What Are the Different Types of Modern Calligraphy?

In cultures all over the world, calligraphy, which comes from the Greek for “beautiful writing,” dates back almost to the dawn of written language. Calligraphy is often considered a highly advanced art form and even a type of meditation, in addition to being a fancy way of writing. Various Latin or Roman-based, East Asian, and Islamic or Arabic scripts are used in modern calligraphy.

The Latin alphabet is used in the majority of modern calligraphy in the Western hemisphere. Large, highly elaborate capital letters characterize the Modern Gothic style, which evolved from medieval illuminated manuscripts. It has a lot of right angles and thick, bold lines. Italic calligraphy has a more straightforward elegance. It has thick lines that are slanted to the right and have upstrokes that are taller than the capitals.

Some people in Western society are now considering graffiti to be a form of modern calligraphy. Graffiti, which began as illegal street art, has evolved its own set of conventions and lettering styles, which many people regard as both creative and beautiful. Many artists are attempting to legitimize graffiti as an art form painting on canvas or in public spaces with the permission of local authorities.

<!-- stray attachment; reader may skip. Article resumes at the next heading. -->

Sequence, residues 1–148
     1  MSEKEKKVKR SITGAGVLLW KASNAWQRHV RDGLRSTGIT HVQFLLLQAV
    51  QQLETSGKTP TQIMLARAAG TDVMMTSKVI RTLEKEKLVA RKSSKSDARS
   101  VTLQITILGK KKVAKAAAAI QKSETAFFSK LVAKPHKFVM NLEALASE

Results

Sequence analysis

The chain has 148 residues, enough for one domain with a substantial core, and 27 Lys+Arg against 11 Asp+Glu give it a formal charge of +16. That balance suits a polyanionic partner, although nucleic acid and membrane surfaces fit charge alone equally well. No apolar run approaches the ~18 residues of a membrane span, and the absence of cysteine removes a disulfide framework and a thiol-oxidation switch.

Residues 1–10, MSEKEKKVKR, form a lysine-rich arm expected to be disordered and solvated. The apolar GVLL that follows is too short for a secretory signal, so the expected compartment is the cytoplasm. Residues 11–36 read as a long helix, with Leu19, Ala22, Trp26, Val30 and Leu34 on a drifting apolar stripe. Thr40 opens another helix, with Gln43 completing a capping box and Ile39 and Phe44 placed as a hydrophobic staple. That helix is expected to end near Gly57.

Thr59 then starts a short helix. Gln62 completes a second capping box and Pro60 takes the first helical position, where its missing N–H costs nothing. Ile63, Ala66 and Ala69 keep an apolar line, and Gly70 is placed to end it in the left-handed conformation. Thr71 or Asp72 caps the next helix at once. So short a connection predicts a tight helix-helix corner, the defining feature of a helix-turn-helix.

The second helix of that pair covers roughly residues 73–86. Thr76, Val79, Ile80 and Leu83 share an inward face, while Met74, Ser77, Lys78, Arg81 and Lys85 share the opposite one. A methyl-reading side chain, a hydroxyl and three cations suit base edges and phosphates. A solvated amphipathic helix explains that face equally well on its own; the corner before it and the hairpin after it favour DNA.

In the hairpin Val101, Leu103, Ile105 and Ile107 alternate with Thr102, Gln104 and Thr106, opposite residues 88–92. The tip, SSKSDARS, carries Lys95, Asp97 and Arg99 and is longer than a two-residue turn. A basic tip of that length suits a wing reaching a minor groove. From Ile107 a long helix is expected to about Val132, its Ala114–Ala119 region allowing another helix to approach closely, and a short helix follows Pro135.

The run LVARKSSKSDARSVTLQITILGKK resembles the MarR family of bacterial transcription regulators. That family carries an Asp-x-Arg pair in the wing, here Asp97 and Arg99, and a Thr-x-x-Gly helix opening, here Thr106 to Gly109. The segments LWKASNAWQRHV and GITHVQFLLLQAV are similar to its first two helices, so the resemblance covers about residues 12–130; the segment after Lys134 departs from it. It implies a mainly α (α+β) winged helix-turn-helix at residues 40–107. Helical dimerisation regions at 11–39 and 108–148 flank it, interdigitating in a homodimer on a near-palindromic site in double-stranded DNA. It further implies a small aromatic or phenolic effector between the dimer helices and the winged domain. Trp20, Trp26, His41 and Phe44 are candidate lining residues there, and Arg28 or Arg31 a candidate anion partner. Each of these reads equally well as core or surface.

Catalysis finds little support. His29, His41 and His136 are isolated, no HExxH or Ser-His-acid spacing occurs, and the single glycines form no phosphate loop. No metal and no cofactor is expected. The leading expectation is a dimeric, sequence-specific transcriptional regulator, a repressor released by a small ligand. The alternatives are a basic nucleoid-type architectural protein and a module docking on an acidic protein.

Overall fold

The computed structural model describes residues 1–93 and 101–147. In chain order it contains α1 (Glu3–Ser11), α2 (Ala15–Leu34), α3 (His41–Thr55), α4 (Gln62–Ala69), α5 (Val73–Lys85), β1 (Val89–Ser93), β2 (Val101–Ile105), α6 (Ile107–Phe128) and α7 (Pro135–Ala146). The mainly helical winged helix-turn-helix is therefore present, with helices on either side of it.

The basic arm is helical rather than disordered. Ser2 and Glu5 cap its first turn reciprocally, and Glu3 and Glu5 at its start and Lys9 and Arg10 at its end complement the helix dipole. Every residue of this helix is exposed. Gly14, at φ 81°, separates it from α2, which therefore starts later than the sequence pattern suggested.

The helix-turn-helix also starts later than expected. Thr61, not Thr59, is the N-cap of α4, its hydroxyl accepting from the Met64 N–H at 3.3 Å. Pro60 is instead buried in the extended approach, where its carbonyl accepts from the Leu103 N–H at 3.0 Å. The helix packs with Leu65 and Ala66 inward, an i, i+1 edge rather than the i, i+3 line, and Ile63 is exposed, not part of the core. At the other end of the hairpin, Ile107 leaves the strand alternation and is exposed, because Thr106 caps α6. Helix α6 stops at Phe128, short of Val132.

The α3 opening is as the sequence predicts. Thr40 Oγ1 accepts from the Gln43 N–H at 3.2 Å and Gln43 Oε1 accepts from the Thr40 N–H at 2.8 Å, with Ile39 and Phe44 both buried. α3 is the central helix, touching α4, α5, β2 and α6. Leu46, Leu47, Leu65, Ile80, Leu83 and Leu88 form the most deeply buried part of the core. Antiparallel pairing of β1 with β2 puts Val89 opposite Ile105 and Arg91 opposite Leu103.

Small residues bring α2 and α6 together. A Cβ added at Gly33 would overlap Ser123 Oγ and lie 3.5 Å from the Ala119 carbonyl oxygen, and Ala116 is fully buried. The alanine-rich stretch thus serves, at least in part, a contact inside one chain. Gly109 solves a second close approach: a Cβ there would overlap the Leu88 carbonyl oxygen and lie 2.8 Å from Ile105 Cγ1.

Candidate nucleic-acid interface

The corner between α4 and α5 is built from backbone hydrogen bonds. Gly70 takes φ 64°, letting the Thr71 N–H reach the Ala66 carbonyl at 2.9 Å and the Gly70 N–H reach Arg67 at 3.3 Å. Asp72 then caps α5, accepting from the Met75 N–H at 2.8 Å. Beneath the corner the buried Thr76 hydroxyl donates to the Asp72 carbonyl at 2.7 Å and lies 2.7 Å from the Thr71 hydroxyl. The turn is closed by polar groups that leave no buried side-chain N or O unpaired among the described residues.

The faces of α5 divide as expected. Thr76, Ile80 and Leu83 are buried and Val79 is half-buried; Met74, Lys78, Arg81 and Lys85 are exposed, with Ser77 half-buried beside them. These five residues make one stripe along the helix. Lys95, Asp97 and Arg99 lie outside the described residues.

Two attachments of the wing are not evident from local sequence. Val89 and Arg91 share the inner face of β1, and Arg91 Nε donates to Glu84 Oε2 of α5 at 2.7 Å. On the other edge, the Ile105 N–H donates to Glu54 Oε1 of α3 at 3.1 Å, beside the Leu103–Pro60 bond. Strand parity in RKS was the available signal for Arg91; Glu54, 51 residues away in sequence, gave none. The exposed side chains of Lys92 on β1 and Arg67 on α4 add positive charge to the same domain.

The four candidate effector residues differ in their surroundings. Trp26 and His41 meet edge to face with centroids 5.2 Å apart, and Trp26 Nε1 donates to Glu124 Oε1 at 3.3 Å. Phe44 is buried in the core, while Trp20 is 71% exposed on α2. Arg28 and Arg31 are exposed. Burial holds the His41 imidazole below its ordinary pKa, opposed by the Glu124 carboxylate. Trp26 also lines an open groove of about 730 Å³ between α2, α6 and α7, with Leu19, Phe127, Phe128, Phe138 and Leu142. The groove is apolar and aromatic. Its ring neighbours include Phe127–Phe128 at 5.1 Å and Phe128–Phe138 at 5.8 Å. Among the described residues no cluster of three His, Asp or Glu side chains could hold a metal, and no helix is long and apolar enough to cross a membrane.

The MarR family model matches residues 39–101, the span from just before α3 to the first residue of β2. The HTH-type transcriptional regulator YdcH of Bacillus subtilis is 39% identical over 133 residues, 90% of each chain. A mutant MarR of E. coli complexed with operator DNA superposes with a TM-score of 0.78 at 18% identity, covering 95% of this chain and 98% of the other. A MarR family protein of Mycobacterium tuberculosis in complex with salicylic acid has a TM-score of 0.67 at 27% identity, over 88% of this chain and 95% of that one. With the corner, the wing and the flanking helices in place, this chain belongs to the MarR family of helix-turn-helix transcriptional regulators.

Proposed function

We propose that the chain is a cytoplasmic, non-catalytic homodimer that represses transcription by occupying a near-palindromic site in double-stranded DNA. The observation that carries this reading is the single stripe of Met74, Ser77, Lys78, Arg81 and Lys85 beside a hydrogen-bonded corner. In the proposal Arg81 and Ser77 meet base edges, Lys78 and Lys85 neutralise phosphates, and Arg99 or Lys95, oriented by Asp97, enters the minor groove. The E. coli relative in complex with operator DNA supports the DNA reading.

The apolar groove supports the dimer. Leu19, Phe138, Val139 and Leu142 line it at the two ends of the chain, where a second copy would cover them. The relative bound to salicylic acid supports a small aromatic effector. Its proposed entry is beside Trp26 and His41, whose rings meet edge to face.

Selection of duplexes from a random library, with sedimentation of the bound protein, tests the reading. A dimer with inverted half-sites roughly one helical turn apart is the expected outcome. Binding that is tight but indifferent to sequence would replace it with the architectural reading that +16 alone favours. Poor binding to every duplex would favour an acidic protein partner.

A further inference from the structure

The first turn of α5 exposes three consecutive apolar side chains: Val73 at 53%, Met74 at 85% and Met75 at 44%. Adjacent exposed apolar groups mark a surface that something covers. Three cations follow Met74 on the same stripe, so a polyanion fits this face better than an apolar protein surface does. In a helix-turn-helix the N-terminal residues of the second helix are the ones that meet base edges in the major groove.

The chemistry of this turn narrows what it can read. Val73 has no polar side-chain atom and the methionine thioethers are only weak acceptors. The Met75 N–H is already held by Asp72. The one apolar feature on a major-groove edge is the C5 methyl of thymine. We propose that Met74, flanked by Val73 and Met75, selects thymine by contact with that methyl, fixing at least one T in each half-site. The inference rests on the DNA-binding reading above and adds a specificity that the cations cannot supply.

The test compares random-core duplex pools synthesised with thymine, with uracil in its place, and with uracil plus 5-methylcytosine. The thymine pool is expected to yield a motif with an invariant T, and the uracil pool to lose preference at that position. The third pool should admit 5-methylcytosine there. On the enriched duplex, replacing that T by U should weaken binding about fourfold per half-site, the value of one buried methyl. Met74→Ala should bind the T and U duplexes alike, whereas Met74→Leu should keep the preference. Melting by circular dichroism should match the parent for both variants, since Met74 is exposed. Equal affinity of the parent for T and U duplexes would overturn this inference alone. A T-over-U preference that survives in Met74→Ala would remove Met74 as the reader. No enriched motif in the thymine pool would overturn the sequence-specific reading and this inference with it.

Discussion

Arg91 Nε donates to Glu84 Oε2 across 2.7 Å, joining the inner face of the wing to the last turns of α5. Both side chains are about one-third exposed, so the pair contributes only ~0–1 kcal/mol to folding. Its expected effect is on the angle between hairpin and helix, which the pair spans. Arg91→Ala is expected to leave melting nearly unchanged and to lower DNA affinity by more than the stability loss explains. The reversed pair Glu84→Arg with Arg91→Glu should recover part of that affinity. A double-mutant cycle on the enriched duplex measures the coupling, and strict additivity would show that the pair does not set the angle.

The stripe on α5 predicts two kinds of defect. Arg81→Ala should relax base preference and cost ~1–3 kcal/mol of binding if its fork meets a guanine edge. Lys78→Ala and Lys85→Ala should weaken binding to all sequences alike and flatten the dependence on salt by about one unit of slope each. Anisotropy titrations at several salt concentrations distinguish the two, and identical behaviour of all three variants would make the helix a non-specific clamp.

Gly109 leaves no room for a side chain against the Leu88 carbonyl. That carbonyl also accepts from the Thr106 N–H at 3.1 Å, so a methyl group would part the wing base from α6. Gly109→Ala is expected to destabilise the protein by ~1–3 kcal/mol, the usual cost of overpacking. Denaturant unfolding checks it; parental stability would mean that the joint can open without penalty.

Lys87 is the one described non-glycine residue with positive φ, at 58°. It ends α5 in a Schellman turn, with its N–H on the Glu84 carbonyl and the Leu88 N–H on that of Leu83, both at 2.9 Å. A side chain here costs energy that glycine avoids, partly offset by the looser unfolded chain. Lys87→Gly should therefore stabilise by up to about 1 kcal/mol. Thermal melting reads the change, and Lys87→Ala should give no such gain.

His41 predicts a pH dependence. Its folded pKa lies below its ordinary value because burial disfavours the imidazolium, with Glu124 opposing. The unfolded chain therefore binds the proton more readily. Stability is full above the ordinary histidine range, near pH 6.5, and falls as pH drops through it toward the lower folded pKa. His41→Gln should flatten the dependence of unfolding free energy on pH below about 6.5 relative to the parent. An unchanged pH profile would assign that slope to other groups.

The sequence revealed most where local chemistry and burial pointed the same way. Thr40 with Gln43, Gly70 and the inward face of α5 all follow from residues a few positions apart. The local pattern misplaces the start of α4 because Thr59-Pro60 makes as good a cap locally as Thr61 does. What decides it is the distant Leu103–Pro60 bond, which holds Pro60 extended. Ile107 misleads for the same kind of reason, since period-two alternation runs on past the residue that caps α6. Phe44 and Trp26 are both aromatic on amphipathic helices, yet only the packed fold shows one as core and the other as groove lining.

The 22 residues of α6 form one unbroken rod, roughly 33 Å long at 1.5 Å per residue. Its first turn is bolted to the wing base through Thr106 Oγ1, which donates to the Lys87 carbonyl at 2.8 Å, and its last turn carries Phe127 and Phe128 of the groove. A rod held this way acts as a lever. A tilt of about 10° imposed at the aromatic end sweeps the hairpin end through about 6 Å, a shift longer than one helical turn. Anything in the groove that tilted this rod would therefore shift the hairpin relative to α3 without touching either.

Extensive characters are frequently drawn on pottery, screens, and other pieces in calligraphy, which is an integral part of nearly all East Asian art. Calligraphy is taught in Chinese and Japanese schools as a form of communication as well as an art form. Modern calligraphy can even be considered a metaphysical practice among Buddhists of certain sects. Reading and writing calligraphic scripts is thought to be a form of meditation that connects modern and ancient calligraphers.

Calligraphy in modern Islamic styles has a long history. Because depictions of living organisms, particularly people, were prohibited under early Islamic law, artists turned to the written word as an artistic medium. Modern Islamic calligraphy is frequently written in Arabic, the Koranic language, but it can also be written in any other language spoken and read Muslims. The Koran is frequently used as a source of inspiration for Islamic calligraphy.